Like Julia Child and M.F.K. Fisher, Richard Olney was one of several Americans whomoved to France in the mid-20th century (in 1961, in Olney’s case), fell in love with the food, learned to cook it and then wrote about the cuisine.

In the opening chapter of The French Menu Cookbook (first published in 1970), Olney makes plain his preference for the cuisine of his adopted country.

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He writes: “A menu composed of preparations that are not in themselves French may remain totally French in spirit, for it is the degree to which a menu is based on a sensuous and aesthetic concept that differentiates a French menu from all others. It may be served under the simplest and most intimate of circumstances, but its formal aspect is respected, and its composition – the interrelationships and the progression of courses and wines – is of the greatest importance.

“Classical French cooking – that which from the beginning made France’s reputation abroad – is naturally eclectic. It was, and is, created by men – professional chefs. It is refined and, in execution, often involved. In the hands of a loyal artisan it can be very good indeed; in the hands of a great chef it can be sublime.”

Fortunately, this is a cookbook meant to be used at home, not in a professional kitchen with a brigade of skilled assistants, and Olney subscribes to the notion that simple can be good.

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“A perfect menu can be many things – a plate of lentils with a boiled sausage, a green salad, a piece of cheese and a bottle of young Beaujolais – or nothing but a composed salad and any light young wine ... Essentially, the only thing to remember is that the palate should be kept fresh, teased, surprised, excited throughout the meal. The moment there is danger of fatigue, it must be astonished or soothed into greater anticipation until the moment of release and postprandial pleasures.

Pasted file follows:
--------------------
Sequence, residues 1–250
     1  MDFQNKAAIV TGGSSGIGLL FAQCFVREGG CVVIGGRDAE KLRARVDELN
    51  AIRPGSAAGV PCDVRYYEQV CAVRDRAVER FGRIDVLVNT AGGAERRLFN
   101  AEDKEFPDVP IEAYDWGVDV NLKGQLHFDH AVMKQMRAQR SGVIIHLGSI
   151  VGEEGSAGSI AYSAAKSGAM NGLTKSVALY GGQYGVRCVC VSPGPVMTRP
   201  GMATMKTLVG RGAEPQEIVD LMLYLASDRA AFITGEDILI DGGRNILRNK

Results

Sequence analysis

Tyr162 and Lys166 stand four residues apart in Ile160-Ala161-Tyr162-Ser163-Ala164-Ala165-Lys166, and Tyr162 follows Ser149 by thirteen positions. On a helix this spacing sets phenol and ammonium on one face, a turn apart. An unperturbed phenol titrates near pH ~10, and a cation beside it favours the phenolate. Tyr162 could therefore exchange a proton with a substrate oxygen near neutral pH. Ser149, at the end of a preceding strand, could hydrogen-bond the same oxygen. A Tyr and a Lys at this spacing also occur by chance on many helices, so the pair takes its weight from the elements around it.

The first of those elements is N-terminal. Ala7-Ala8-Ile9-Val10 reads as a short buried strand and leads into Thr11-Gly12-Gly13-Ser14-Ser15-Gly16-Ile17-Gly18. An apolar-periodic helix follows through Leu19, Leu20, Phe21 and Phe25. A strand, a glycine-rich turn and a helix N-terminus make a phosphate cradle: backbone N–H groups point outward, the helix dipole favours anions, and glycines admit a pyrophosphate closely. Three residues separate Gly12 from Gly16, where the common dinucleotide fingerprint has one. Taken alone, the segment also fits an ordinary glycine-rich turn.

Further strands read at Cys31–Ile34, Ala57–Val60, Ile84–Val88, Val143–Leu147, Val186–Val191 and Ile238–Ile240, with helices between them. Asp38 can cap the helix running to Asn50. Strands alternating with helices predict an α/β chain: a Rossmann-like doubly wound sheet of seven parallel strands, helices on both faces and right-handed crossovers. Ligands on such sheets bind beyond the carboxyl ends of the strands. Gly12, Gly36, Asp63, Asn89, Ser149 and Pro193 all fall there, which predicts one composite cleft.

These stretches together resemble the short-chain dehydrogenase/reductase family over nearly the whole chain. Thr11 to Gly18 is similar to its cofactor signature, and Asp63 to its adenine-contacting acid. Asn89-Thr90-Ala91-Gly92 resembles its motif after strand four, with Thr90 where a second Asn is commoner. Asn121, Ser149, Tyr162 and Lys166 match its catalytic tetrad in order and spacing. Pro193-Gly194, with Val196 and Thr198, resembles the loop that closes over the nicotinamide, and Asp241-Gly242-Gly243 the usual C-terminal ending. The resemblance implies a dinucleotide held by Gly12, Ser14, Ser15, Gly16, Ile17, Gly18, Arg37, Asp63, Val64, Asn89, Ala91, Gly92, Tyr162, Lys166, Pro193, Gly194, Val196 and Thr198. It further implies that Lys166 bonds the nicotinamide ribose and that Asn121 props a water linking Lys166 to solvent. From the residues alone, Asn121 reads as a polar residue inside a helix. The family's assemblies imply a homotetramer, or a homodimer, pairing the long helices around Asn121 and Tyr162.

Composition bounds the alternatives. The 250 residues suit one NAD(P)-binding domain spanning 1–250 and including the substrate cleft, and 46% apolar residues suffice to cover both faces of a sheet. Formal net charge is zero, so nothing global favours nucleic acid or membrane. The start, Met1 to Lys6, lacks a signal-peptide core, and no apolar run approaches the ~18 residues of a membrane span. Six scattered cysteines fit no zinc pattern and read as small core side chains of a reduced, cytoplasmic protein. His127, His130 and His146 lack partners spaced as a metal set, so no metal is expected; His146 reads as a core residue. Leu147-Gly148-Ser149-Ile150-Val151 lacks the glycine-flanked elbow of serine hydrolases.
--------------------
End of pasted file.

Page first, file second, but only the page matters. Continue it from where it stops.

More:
“In organising a menu, consider its presentation – the eye must be flattered as well as the palate. Don’t serve tomato sauces on red plates or spinach on a green platter. Never serve a roast’s garnish on the same platter; a roast is sufficiently handsome to be presented alone and, should it slip while being carved, artichoke bottoms and stuffed mushrooms should not be there to fly in all directions.

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“Don’t sprinkle large handfuls of parsley indiscriminately over everything. Don’t follow one white-coloured sauce with another, or a gratin of fish by a gratin of meat, even though the underlying sauces may be very different. Rustic preparations are generally best, and look best, served directly from the earthenware vessels in which they were cooked. Elegant preparations should be elegantly presented.”

The recipes are grouped by menus for different occasions and times of the year. For a simple autumn meal, Olney suggests a composed salad, boiled pig’s tails and ears with vegetables and Perigord pudding; for spring, an equally modest menu of warm asparagus vinaigrette, calves’ brains in red wine, cauliflower loaf and moulded apple pudding. A winter dinner party has seven courses, including cream of artichoke soup with hazelnuts, grilled fish with sea urchin purée, veal sweetbreads and macaroni timbale, and roast guinea fowl with bacon.